I’ve been amazed at how many baby products have come out since my first son, Cash, was born six years ago. At that time, it already seemed like there was a gadget for every possible scenario that could arise in parenting. My mom of course commented that when my brother and I were babies she didn’t have all these “things” and we slept in a drawer, blah, blah, blah, blah…
But even she has had to admit that some of the new baby and maternity products that have come out in the ensuing years are fantastic, like the Bumbo seat that props infants as young as six weeks in a sitting position. Sometimes we put Catcher in it and plop him on the dinner table like a centerpiece so that he can feel like he’s really part of the family while we eat.
My current favorite is the Hooter Hider, a cotton nursing cover that loops around your neck and has an underwire-like ring at the top to allow you to see the baby. They come in a variety of chic colors and styles. Some of the styles are a little loud and may draw more attention than a boob would, but for the most part, they are made of pretty hip fabrics. There are several companies that offer similar products but none have that irresistible name. I found it a little disappointing that the company making Hooter Hiders felt like it should sugar coat the issue and now offers covers for the more reserved mom under the label Bebe Au Lait.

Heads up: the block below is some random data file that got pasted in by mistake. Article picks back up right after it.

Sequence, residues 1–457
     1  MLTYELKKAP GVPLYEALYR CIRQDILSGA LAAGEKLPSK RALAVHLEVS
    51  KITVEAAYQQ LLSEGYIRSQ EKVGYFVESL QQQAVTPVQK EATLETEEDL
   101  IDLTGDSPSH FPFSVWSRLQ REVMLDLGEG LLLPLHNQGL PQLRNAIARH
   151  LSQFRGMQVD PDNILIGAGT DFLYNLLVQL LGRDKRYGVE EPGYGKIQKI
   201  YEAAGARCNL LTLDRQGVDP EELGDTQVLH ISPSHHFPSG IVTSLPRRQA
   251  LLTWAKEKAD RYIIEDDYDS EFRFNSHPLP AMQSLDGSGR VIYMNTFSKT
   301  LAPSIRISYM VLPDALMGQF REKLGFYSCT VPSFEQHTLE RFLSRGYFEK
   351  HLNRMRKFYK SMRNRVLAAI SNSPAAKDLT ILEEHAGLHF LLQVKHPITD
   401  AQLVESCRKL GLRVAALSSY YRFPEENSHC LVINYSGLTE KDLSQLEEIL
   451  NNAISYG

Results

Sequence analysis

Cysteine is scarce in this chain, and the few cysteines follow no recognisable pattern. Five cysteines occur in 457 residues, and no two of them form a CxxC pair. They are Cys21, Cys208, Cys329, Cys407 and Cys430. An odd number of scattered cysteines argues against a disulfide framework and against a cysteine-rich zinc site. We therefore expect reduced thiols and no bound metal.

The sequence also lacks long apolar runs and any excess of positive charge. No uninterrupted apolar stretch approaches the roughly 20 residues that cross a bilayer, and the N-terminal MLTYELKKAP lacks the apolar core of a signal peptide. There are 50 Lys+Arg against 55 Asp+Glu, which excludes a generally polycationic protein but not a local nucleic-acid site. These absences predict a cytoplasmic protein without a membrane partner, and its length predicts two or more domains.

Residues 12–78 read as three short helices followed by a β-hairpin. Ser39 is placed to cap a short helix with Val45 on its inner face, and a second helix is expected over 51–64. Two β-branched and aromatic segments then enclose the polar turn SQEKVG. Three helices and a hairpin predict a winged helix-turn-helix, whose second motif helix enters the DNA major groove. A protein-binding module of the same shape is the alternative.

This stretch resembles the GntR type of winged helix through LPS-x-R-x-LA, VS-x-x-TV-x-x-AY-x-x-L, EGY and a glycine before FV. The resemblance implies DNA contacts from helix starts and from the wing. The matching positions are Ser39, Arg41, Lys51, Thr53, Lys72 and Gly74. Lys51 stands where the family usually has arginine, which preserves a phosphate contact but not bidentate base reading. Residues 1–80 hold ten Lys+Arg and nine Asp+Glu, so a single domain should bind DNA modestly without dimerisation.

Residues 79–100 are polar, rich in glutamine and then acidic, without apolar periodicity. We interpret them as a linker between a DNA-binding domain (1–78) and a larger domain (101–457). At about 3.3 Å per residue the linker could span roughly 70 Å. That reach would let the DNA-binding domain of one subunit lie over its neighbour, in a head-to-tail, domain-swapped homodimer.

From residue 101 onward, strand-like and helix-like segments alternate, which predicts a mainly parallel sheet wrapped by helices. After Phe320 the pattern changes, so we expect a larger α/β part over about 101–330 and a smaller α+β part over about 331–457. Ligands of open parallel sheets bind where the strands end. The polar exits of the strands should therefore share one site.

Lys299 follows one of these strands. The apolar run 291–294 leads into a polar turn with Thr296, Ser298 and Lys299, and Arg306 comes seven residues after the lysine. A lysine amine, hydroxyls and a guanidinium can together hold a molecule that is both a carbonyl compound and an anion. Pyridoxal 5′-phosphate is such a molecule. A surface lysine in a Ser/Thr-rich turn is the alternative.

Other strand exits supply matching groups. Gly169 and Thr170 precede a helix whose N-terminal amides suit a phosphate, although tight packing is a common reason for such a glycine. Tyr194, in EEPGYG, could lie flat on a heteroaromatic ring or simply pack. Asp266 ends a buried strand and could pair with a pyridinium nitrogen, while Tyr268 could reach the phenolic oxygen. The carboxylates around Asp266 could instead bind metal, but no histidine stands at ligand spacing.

At first, my husband balked at spending nearly $40 on the contraption because he thought that I could just use a blanket to cover up. But he changed his mind after the blanket kept dropping off, allowing my nipple to pop-out. He now thinks it was money well spent. It isn’t that I have a problem with pulling the boob out in public to feed Catcher. At this point, they are just functional (It doesn’t help that whenever we play Charades, Cash says, “Oh, I know what you are: A COW!). But sometimes it is distracting to be nursing, say during a business meeting. Since Catcher is almost always with me, he’s been to many of those. And I’d rather that the person concentrates on what I’m saying rather than focusing on trying not to stare at my breast.